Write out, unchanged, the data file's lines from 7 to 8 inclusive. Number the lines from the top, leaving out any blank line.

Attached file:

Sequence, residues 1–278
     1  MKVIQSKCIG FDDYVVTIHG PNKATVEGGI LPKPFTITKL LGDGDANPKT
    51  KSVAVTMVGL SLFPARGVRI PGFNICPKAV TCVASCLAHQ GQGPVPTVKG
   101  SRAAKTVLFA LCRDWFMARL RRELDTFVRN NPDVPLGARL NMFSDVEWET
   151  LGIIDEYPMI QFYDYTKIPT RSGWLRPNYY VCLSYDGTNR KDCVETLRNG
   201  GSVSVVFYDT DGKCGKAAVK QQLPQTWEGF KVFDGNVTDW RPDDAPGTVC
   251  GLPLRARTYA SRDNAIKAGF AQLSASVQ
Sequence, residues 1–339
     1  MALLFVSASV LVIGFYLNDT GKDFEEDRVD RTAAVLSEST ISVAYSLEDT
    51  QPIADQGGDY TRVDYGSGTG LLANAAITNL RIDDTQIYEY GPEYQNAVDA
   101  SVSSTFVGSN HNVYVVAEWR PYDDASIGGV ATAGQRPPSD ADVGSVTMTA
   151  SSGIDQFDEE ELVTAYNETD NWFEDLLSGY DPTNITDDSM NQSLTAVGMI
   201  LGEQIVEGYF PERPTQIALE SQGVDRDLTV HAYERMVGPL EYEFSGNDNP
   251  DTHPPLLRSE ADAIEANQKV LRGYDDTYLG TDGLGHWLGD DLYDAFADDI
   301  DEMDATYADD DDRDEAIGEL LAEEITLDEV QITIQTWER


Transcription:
   251  GLPLRARTYA SRDNAIKAGF AQLSASVQ
Sequence, residues 1–339